2. Ever since I got an ereader I haven’t had to put up with comments such as, “Do you really need to take that many books with us on holidays?” And it didn’t matter how many times I said, “Actually, I’ll need twice this amount, but I’m sure I’ll pick up some along the way.” I still buy and read print books, especially ones I love and I also have bought the paperback after really enjoying the ebook. And what better souvenir to bring back from a holiday than a book?

  3. I have a Nook tablet. Just can’t deal without color, and a straight eReader is black and white. Initially, I stayed away from Amazon because I couldn’t stomach the price and went with a Sony. Then I read reviews that Kindle (at the time anyway) only allowed their format and not PDFs, but B&N did. So that’s why I got it.

    For eBooks, I mostly go to the B&N site and first hit their budget books to see what’s there. Price is a huge influence for me, and I’ve passed on big name books because the publishers have the eBooks at $12 — which is ridiculous. Once the books comes out in paperback, the ebook goes down to a better rate. Seriously? That’s just plain ignoring the reader.

  4. I use a Sony prs-t1. It is my third one (one got thrown around, one got run over). I love it. It also does limited Web browsing (e-ink, so limited refresh rate and without hacking it doesn’t support newer network types) and plays audio books. And has awesome battery life. I have used fb reader on it and still use that on my phone. The reader natively supports pdf and epub and basic text files.

  5. Linda – the pricing of ebooks is a whole different subject, and a messy one for sure.

    Monika – did you see the link I posted in a previous comment? That might be your last Sony reader.

  6. Well, Alan, I love my Kindle Paperwhite. I prefer it to a backlit screen and the software and responsiveness is way better than other e-ink readers. I have a Kobo as well and it snoozes by comparison in terms of page refresh and all-over user interface. I have an Asus tablet too which renders epubs nicely, but I’d rather read on the Paperwhite. When I’m reading a book I don’t want to feel distracted, which is what I’d feel if I was reading on a tablet – always tempting just to check the Twitter feed or email in box or whatever.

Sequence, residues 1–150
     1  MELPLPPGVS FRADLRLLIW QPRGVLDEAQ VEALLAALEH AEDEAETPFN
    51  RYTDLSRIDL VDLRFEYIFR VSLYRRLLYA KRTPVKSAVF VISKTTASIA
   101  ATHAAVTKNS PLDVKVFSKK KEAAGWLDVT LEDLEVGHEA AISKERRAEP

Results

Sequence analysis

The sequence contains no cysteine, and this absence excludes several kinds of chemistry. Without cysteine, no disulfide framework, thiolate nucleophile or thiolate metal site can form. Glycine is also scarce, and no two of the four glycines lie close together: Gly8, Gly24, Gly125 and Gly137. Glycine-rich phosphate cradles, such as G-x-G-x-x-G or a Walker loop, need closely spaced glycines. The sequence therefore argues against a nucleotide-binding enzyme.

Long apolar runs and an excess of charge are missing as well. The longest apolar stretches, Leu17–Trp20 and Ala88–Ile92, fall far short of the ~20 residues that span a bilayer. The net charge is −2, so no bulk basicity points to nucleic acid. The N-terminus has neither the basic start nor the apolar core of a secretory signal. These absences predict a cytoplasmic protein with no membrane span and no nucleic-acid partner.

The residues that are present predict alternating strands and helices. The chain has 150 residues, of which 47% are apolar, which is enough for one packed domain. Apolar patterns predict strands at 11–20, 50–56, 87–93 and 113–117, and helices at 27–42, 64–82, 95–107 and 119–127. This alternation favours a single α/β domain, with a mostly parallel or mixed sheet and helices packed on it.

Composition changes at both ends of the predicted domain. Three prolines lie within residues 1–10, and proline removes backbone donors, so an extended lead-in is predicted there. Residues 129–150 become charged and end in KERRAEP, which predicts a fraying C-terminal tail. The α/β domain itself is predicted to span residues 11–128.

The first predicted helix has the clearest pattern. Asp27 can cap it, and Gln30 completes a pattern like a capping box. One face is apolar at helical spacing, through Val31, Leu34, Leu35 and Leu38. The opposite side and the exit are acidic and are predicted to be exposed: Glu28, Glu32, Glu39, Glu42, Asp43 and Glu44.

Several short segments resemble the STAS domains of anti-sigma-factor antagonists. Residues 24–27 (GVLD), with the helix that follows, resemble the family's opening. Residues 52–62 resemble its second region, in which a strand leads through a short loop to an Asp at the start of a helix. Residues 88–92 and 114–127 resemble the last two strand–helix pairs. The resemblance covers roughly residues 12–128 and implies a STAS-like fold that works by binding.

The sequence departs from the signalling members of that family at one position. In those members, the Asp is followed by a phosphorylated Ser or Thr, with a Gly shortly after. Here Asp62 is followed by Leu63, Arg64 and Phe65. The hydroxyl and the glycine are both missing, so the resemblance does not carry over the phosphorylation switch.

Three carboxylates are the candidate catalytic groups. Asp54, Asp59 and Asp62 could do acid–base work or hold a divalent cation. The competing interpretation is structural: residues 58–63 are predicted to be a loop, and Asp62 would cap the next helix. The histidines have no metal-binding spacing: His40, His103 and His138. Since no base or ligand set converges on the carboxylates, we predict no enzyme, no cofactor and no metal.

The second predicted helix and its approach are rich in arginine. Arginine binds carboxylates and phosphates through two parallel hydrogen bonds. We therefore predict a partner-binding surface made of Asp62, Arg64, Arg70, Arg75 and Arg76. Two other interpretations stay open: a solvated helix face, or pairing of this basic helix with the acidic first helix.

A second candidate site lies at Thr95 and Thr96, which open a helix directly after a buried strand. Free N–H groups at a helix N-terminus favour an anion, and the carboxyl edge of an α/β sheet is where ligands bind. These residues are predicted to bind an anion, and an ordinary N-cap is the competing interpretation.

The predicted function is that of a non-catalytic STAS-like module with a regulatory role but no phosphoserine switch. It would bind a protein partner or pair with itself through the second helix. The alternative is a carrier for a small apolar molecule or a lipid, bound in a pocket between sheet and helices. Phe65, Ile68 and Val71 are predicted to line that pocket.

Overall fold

7. Keith, I understand that concern. I’ve been known to flick my iPad into flight mode while reading! But my phone is always right there and all those internetty distractions are there too. I really like the idea of the Paperwhite, but I just don’t think I’d use it.

  8. I still run with the ye olde Kindle that you’ve got pictured up there for most of my e-reading needs. I got it before I learned Amazon is trying to establish the new Evil Galactic Empire so now I use it for all the out of copyright freebies and classics you can get on sites like Project Gutenberg, pdfs and review books I get hold of. Otherwise a lot of the ebooks I buy seem to come in multi-format bundles, which is lovely, and for those that don’t I use the good old smart phone for other formats.

    To me the dedicated e-reader is a must. Even though it’s something extra to carry I’d inevitably be hauling a much heavier book anyway. I’ve also got an awesome leather cover with built in book light to complete the experience. Removing all the interwebby distractions is a great focuser.

    Although I stare at screens for most of the day anyway and am fine with it, I find the e-ink much more relaxing, particularly when reading late at night.

  9. These comments are making me reconsider. I love the idea of a good, dedicated ereader… But I honestly wonder if I would ever use it over the iPad. Maybe I need to borrow a new Paperwhite (or similar) and read a couple of books on it to see how the experience differs now.

  10. I tend to use either my iPad Mini (perfect eReader size) or my iPod Touch. On both I have the Amazon/Kindle app but I also use iBooks. I never bothered with a dedicated eReader since I wanted a tablet of some sort anyway to use for uni. My grandmother, on the other hand, has a Kindle and an iPad, and while she loves her iPad, she does prefer the Kindle for reading because of the e-ink screen and the fact you don’t have to charge it anywhere near as often. The only thing she dislikes is that it can be difficult to change the font size and other settings on the Kindle (admittedly hers is one of the older models though). I do think the Kindle screen is a bit better for reading, but personally I wouldn’t bother getting since since I already have a device that can do the same thing.

  11. I still prefer paper, and I love looking at my bookshelf, full of books that I have read over decades past.

    I just read “Bound” and it was the first book I have ever read on an e-reader (iPhone + iPad). I can’t same that I am hooked on the technology as I look at the iPad on my desk, and the 5 tomes of “Song of Ice and Fire” sitting next to it that I completed before picking up “Bound”. There is still something tangible about paper that I enjoy.

    I am sure that “Bound” will not be my last e-book. “Obsidian” will probably be my second. I have many classical works sitting on the iPad, waiting to be read, I just don’t seem to get around to it. Not sure if I am stalling because of the content, or the interface. Probably both. Maybe I just need to find the right series of books to get into it.

  12. I think there’s a transition period to get used to a different delivery system. But with any luck, the good books make you forget what you’re reading on and you just enjoy the story. Thanks for reading Bound and Obsidian!

    Rebecca, it sounds like you and I have a similar attitude.

    Damien – in a proper future our devices wouldn’t need charging at all!

  13. I have both a Kindle and an Nook. I much prefer the Nook, it’s so much easier to highlight, add notes, and look up words with. I still don’t have an ereader app for my phone, but will probably get some soon. Like you, I don’t want to be tied to Amazon. They are actually my last stop if I’m looking for an ebook, and it has to be significantly cheaper or unavailable elsewhere before I’ll bite.

    Thanks for the link to Marvin. I’m checking that out.